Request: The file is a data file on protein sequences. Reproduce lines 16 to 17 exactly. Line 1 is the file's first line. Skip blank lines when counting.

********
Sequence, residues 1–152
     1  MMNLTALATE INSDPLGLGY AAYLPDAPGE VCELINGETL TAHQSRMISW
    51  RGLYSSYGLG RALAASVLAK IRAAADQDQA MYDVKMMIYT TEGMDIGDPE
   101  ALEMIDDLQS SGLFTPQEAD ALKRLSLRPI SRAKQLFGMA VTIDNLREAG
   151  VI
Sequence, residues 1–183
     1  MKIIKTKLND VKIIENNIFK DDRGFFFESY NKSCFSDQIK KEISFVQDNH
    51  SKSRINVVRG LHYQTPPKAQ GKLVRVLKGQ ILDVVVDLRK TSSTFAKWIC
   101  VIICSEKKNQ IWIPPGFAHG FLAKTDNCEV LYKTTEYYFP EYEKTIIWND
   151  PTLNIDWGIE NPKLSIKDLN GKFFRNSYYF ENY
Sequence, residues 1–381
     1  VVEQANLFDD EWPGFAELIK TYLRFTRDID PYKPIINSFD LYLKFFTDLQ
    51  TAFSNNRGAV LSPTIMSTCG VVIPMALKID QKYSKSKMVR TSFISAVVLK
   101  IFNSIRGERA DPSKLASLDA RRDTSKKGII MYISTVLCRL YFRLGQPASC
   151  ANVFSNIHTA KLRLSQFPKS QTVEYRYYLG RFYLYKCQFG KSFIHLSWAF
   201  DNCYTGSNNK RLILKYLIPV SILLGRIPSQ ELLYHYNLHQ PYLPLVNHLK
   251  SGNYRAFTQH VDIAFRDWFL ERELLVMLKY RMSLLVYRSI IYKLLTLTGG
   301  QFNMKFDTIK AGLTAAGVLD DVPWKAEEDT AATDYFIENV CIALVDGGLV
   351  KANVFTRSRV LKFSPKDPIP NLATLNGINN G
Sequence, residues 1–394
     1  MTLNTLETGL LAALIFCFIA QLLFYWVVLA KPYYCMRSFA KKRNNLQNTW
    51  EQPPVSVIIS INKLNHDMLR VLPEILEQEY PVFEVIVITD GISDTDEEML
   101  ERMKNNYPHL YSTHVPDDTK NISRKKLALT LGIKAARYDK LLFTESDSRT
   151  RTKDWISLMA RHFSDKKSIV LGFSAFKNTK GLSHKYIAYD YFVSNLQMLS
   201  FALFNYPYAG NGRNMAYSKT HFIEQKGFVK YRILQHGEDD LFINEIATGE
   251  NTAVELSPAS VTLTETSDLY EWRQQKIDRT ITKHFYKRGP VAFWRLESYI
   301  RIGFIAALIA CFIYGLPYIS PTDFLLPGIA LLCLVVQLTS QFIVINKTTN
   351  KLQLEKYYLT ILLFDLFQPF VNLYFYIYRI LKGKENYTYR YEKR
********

   201  DNCYTGSNNK RLILKYLIPV SILLGRIPSQ ELLYHYNLHQ PYLPLVNHLK
   251  SGNYRAFTQH VDIAFRDWFL ERELLVMLKY RMSLLVYRSI IYKLLTLTGG